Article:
Adam Edgerly, a pastor, consultant, and member of Biola University’s board of trustees, hosted a lecture during the school’s 2021 Student Congress on Racial Reconciliation (SCORR) where he proudly declared that he spoke out against the Christian University putting out a statement condemning Critical Race Theory (CRT) like the Southern Baptist Convention (SBC) did. Instead, he argued it was the wrong path and that CRT is a marvelous and untapped tool for understanding the scriptures.
Specifically, he “revealed” that Paul appealed to his Intersectionality, and that Mary the mother of Jesus checked all sorts of intersectional boxes which if we acknowledge, will help us understand her better. He said:
Let me give you an example of that: intersectionality. Look at the Apostle Paul from an intersectional point of view. He would declare boldly, ‘I am a Jew, of the tribe of Benjamin, raised in Tarsus, studied under Gamaliel, in the city of Jerusalem, Pharisee of Pharisees, etc., right?
He is using in what a modern-day sense is called an intersectional approach to describing his own identity.
He embraces his Jewish heritage, he embraces his tribal heritage. He embraces his family line. He embraces his hometown of Tarsus. He embraces the university that he went to in Jerusalem and the professor that he studied under, Gamaliel. And he recognizes that all those things have shaped his thinking.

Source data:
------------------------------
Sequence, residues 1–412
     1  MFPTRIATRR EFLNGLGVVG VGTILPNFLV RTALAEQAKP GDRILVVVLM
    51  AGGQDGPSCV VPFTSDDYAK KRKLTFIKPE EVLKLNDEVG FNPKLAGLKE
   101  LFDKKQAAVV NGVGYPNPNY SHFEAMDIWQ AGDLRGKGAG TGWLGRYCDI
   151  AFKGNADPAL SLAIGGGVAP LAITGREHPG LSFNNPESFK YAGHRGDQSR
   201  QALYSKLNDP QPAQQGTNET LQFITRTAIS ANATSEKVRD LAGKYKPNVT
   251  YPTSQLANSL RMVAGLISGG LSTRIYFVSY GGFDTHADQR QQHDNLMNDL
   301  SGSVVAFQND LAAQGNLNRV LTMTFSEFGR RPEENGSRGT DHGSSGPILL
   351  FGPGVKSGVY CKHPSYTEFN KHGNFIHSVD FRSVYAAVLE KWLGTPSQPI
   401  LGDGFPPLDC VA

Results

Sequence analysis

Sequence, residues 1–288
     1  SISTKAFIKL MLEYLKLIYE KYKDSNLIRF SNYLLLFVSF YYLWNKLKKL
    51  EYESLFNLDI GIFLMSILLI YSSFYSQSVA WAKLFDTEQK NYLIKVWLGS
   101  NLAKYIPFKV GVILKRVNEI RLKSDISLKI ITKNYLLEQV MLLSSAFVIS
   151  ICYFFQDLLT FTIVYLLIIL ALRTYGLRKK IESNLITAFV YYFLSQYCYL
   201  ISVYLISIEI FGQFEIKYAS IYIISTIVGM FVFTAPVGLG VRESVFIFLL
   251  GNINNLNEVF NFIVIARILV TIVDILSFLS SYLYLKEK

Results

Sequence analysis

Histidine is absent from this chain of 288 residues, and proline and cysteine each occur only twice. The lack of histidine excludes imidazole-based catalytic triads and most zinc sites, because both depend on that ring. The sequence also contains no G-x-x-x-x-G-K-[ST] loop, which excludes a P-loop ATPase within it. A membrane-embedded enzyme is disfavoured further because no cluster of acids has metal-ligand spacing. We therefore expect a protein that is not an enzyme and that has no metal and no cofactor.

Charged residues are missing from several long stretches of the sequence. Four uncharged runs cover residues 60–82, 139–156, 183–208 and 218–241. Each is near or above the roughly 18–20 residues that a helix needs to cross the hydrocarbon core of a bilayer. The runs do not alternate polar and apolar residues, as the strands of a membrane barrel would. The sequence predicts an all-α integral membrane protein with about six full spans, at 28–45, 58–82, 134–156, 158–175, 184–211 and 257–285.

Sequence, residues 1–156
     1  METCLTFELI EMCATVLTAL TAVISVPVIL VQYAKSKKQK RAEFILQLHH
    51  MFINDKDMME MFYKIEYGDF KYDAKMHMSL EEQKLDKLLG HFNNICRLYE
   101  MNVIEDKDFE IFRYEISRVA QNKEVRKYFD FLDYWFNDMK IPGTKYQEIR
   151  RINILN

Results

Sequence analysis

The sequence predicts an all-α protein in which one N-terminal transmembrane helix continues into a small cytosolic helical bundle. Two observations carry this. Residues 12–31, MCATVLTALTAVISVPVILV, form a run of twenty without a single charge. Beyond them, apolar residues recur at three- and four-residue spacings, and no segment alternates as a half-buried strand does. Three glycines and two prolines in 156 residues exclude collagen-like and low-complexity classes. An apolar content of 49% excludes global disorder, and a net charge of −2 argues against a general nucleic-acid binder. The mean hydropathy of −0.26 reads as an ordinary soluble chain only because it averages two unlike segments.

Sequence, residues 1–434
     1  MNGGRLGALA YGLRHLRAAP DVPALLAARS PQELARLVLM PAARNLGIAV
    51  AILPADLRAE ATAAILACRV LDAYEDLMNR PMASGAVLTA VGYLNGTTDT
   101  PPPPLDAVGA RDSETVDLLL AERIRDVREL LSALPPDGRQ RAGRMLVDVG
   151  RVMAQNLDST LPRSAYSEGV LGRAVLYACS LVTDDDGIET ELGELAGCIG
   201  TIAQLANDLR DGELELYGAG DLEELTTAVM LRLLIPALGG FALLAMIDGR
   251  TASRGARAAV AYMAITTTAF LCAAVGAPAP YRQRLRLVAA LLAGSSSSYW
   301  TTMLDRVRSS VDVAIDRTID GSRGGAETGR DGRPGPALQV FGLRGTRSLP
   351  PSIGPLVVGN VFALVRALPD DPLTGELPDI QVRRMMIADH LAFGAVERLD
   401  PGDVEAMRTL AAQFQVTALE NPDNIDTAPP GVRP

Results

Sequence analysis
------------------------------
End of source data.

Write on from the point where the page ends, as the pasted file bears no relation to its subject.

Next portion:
He also embraced the fact that he was an artisan, a business, a tentmaker, and that he was single. And so those things, he described himself that way. But if you think that way when you read his writing, you will see those characteristics of his identity showing up in the way he encounters God. And it gives him a unique perspective that he shares with us in scripture.
[Editor’s note: Although it is true that Paul did describe himself that way, if you read the passage in context, Paul’s point is anything but intersectional.] He continues:
You do the same thing with Mary. Now you’ve got a single girl, from a poor family, who is now a single mom, with all that that means. She is a colonized person living under Roman oppression. Now read the Magnificat, her poem to God, and her declaration of God overturning unjust people and sending the rich away while he blesses the poor, and you got a deeper understanding of who Mary is and why she thinks and talks the way she does.
That’s an example of this tool of thought coming out of Critical Race Theory called intersectionality informing even the way we understand scripture.
h/t to @wokepreachertv for the clip
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